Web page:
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Americans Still Exercising Less Than Before Financial Crisis

Americans Still Exercising Less Than Before Financial Crisis

by Elizabeth Mendes

WASHINGTON, D.C. -- Americans' levels of exercise have tapered off slightly in 2011, after partially rebounding in 2010, and are still not as high as in 2008. The 53.4% of adults who reported exercising for at least 30 minutes three or more days per week in June trails the 54.3% in the same month in 2008.

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Frequent exercise levels have yet to fully recover to levels recorded in 2008. Americans' frequent exercise levels fell in the fall of 2008 as the nation's financial crisis took hold and remained suppressed in 2009.

The drop this year in exercise frequency also mirrors a downturn in fruit and vegetable consumption and in healthy eating in general.

Gallup asks 1,000 American adults daily about their exercise habits as part of the Gallup-Healthways Well-Being Index. Americans typically exercise more in the spring and summer and less in the fall and winter.

Seniors Lead Decline in Frequent Exercise

Less than half (48.4%) of seniors, those aged 65 and older, reported exercising for at least 30 minutes three or more days per week in the first half of 2011 -- making them not only among the least likely to say they exercise frequently across all demographic groups, but also the group with the largest decrease in exercise levels since 2008.

Americans aged 45 to 64, Hispanics, and those living in the East are also among the most likely to report exercising less this year than in 2008.

Young adults, on the other hand, are the most likely to exercise frequently, and their levels of exercise are the most improved from 2008. Black Americans are also exercising more frequently than in 2008, but are still among the least likely to do so.

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The small but significant decline in frequent exercise since the economic crisis may reveal a connection between financial strain and health habits. With millions of Americans struggling to get work, pay their mortgage, and feed their families, exercise may not be a top priority.

About the Gallup-Healthways Well-Being Index

The Gallup-Healthways Well-Being Index tracks U.S. and U.K. well-being and provides best-in-class solutions for a healthier world. To learn more, please visit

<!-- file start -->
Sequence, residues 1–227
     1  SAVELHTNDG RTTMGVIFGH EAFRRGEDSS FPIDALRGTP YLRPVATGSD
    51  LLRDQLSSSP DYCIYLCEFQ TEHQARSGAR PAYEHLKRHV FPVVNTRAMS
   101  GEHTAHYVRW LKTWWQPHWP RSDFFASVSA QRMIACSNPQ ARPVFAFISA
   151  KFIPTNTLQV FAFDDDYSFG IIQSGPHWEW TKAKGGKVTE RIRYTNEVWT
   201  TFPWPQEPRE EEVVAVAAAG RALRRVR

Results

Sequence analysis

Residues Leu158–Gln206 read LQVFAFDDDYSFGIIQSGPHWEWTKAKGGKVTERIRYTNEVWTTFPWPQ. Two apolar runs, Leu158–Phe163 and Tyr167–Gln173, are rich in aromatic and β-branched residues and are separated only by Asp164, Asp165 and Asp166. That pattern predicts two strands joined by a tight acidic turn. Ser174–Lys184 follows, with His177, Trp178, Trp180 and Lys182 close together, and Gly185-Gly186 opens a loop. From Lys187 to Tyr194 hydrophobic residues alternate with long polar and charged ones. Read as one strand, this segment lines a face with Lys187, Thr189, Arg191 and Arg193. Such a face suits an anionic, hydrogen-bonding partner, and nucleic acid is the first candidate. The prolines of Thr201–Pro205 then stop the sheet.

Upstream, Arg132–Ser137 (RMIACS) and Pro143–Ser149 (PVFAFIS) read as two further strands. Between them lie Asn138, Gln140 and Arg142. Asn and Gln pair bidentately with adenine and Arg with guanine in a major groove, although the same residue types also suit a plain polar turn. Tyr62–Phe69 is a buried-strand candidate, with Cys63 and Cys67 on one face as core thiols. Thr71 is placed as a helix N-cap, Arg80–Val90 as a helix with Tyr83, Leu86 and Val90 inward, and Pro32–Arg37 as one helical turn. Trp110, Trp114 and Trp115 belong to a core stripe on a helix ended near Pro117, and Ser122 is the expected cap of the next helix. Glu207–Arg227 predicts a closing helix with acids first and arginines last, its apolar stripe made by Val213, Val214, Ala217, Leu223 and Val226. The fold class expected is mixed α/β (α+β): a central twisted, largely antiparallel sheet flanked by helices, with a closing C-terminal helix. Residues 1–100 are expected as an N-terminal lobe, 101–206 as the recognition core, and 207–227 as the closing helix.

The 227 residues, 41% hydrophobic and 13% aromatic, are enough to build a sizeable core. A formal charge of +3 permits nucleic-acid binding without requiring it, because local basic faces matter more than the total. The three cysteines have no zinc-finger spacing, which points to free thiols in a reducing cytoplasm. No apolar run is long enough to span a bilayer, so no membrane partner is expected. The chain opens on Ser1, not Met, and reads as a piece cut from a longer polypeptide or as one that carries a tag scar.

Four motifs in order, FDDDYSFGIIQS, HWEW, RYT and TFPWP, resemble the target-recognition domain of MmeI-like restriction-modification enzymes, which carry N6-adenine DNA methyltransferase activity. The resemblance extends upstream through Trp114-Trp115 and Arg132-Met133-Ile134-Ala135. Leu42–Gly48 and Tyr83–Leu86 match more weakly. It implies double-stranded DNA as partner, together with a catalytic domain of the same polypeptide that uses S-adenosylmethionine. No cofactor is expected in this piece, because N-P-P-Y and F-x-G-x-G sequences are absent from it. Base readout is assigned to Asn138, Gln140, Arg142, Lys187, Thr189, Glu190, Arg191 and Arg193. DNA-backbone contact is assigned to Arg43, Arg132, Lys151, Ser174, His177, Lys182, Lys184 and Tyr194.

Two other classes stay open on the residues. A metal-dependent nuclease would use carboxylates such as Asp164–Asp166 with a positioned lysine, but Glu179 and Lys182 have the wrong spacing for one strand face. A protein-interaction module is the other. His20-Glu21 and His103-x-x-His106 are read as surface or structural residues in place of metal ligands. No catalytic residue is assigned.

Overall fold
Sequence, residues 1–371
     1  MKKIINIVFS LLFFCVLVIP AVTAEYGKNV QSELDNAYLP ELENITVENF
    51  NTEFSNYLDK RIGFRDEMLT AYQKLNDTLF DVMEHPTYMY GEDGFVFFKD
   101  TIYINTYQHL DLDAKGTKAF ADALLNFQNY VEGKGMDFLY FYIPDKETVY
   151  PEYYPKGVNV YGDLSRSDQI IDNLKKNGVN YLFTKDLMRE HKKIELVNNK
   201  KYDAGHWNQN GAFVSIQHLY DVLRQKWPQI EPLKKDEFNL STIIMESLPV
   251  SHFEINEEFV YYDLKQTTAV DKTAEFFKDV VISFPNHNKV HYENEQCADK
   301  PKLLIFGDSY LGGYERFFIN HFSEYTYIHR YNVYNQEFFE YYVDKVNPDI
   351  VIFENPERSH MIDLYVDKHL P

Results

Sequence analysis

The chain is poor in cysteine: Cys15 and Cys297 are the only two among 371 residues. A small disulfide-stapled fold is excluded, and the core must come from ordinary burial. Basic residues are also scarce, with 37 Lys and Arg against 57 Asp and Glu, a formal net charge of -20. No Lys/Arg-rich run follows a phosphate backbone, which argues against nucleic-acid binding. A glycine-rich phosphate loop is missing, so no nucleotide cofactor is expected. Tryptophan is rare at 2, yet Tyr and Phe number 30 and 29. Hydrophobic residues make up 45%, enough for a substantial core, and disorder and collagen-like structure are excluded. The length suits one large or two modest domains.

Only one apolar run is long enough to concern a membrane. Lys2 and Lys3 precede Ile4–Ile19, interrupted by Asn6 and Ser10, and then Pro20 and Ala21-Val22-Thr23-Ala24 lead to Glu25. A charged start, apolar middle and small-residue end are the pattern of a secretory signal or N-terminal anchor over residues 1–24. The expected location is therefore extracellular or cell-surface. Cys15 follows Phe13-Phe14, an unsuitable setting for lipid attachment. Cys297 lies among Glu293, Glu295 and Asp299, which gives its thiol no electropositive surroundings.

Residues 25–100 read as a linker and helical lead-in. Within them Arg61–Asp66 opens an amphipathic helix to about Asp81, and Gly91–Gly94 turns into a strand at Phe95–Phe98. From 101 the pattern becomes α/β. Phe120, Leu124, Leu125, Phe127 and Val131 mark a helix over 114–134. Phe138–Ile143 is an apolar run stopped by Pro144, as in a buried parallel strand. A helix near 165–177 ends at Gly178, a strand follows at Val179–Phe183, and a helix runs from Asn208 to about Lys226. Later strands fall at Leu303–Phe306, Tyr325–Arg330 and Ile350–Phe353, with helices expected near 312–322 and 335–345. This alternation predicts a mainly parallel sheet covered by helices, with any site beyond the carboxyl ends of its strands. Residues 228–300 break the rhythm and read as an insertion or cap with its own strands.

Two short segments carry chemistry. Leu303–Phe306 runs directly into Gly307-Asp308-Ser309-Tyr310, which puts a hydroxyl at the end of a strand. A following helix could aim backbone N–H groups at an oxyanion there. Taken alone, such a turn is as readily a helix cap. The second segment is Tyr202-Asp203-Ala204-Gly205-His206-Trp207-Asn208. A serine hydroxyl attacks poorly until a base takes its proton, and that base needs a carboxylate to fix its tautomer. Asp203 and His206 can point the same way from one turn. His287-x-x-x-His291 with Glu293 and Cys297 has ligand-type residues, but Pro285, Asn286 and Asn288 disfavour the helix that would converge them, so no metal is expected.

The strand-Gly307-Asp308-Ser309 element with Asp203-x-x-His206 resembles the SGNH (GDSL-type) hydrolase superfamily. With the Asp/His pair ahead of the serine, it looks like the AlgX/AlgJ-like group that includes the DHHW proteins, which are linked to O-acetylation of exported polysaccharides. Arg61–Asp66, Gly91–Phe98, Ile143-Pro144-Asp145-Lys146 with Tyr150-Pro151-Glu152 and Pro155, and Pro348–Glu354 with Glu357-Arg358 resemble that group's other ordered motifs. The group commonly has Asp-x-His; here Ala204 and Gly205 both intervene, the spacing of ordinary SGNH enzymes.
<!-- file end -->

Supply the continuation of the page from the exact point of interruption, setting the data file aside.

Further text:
Survey Methods

Results are based on telephone interviews conducted as part of the Gallup-Healthways Well-Being Index survey Jan. 2-June 30, 2011, with a random sample of 176,504 adults, aged 18 and older, living in all 50 U.S. states and the District of Columbia, selected using random-digit-dial sampling.

For results based on the total sample of national adults, one can say with 95% confidence that the maximum margin of sampling error is ±1 percentage point.

Interviews are conducted with respondents on landline telephones and cellular phones, with interviews conducted in Spanish for respondents who are primarily Spanish-speaking. Each sample includes a minimum quota of 400 cell phone respondents and 600 landline respondents per 1,000 national adults, with additional minimum quotas among landline respondents for gender within region. Landline telephone numbers are chosen at random among listed telephone numbers. Cell phone numbers are selected using random-digit-dial methods. Landline respondents are chosen at random within each household on the basis of which member had the most recent birthday.

Samples are weighted by gender, age, race, Hispanic ethnicity, education, region, adults in the household, and phone status (cell phone only/landline only/both, cell phone mostly, and having an unlisted landline number). Demographic weighting targets are based on the March 2010 Current Population Survey figures for the aged 18 and older non-institutionalized population living in U.S. telephone households. All reported margins of sampling error include the computed design effects for weighting and sample design.

In addition to sampling error, question wording and practical difficulties in conducting surveys can introduce error or bias into the findings of public opinion polls.

For more details on Gallup's polling methodology, visit

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